Whereas only the elemental composition of phenylalanine as input generates 277 million structures with MOLGEN and for OMG an even higher number of candidate structures is expected as both nitrogen valences of 3 and 5 are taken into account (Table 3), using benzene as a substructure provides only 107,155 (OMG) and 76,247 (MOLGEN) candidate structures (Table 4). The number of generated molecules for the elemental composition of phenylalanine is even further reduced by prescribing multiple fragments as input: OMG outputs 595 molecules when provided with two fragments and 289 molecules for three fragments (Table 4). The use of large fragments yields the larger reduction in output molecules, as it can be seen for the last example of phenylalanine, where two big fragments describe most of its structure and return only 26 chemical structures.

For larger molecules containing ten or more carbon atoms, which is a common situation in chemistry, it is not practical for the identification of metabolites to exhaustively generate candidate structures without using substructure constraints, with MOLGEN and OMG, due to the large number of results. Using the elemental composition of a large metabolite like cholic acid, both structure generators cannot produce all possible candidate structures, which are expected in the order of billions. This was only possible using substructure information to reduce the size of the search tree: when providing a substructure that describes a large part of the molecule, OMG generates only 334 structures (Table 4). When using two substructures, OMG returned 2,505 candidate structures. However, MOLGEN was unable to return results using the same large substructure or two substructures as an input and the reason could not be found by us.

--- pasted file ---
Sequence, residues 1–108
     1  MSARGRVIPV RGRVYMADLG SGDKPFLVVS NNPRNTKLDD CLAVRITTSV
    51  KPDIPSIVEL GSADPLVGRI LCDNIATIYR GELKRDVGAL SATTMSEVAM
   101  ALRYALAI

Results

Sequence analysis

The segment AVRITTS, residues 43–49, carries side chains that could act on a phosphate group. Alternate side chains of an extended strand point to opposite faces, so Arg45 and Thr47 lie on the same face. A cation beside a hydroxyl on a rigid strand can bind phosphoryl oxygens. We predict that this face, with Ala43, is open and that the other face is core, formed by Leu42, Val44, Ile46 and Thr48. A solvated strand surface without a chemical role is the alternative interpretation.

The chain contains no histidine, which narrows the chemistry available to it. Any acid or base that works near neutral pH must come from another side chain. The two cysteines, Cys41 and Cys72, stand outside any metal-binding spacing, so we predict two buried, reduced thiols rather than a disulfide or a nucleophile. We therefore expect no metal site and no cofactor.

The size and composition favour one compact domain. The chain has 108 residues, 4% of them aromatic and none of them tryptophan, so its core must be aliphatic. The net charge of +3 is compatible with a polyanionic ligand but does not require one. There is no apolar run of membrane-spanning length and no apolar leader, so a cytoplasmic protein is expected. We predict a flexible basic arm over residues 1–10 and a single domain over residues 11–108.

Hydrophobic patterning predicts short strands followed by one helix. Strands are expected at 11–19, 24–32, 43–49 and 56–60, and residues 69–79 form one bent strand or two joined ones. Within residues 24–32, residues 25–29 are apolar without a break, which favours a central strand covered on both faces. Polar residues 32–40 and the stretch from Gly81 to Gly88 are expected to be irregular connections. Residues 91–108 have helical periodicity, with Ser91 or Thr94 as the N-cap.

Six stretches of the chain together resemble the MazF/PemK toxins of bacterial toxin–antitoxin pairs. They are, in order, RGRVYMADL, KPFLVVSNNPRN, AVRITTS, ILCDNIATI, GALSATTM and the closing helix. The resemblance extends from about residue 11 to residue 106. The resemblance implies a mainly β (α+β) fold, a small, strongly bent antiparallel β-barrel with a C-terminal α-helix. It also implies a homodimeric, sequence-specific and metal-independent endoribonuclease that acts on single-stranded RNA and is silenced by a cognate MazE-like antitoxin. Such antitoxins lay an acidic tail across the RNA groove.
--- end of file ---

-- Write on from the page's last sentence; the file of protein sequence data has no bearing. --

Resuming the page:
The use of prescribed substructures affected the running time of both generators. For MOLGEN, the time per molecule ranged between 0.16 and 27.8 milliseconds, which represents in some cases a 10,000-fold increase in computation time compared to using only elemental compositions. Concerning OMG, the time per molecule ranged between 3.3 and 967. 2 milliseconds, a 100-fold increase in running time. Despite this deterioration of execution time, the advantage of using one or ideally multiple prescribed substructures is clear: the number of candidate substructures is significantly reduced and the total time to calculate candidate structures is also reduced compared to not using any substructure.